Third, the federal government must require the banks and other federally regulated financial institutions to enclose twice each year in their mailings to customers a one-page pamphlet that invites them to join a financial consumer watchdog group. The federal government must also do the same for all federally incorporated companies, requiring them to enclose a one-page pamphlet in their annual mailing to individual shareholders that invites them to join an investor watchdog group. This method has been used successfully in four states in the U.S. to form broad-based, self-sustaining watchdog groups for utilities. 

Federal Finance Minister Jim Flaherty has talked a lot about ensuring Canadians are charged fair prices for banking, but has done nothing except meet with bankers behind closed doors a few times, and give them a no-strings-attached $95 billion total subsidy.

No corporation has a right to gouge or cut services, especially when providing an essential service such as banking or trying to recoup self-caused losses like the banks are suffering from, so the least the Conservative government can do is protect Canadians from being gouged or losing their loans by requiring banks to prove their consumer and business loan interest rates and charges are fair, and by auditing bank loan records and banking competition in communities across Canada. Every survey done in the past decade has shown 90 percent of Canadians believe banking is a service essential for functioning in society.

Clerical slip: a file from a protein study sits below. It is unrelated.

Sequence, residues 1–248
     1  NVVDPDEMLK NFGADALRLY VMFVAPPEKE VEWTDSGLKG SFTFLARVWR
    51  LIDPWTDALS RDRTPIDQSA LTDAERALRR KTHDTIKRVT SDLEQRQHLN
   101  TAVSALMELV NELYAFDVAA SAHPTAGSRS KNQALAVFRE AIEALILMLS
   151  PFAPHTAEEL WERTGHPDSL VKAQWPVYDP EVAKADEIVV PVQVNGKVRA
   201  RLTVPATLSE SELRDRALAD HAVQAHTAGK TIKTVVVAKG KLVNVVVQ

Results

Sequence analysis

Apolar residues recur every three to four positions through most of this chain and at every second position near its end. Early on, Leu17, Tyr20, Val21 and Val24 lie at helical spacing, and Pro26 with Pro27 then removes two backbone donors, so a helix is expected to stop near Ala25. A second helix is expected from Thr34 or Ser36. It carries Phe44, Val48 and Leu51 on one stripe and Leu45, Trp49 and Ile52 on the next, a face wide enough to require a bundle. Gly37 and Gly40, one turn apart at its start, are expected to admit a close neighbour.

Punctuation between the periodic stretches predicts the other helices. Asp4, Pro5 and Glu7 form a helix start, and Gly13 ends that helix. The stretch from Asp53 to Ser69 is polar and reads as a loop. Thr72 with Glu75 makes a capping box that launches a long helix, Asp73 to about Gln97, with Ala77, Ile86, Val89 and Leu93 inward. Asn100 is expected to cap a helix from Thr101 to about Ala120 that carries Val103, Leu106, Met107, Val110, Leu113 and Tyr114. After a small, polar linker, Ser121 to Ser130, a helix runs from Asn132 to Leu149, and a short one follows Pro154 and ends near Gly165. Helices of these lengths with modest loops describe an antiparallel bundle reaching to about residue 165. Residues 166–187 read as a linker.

To balance the marketplace and lobbying power of Canada's big banks and investment companies, the federal government must also, finally, implement the recommendations of the 1998 task force and House and Senate committees by requiring financial and investment companies to distribute a pampblet in their mailings to customers and investors that invites them to join citizen watchdog groups to watch over the financial industry and federal government. At little or no cost to the federal government or the financial services industry, consumers and investors can be given a very easy way to band together to help and protect themselves through forming their own watchdog groups.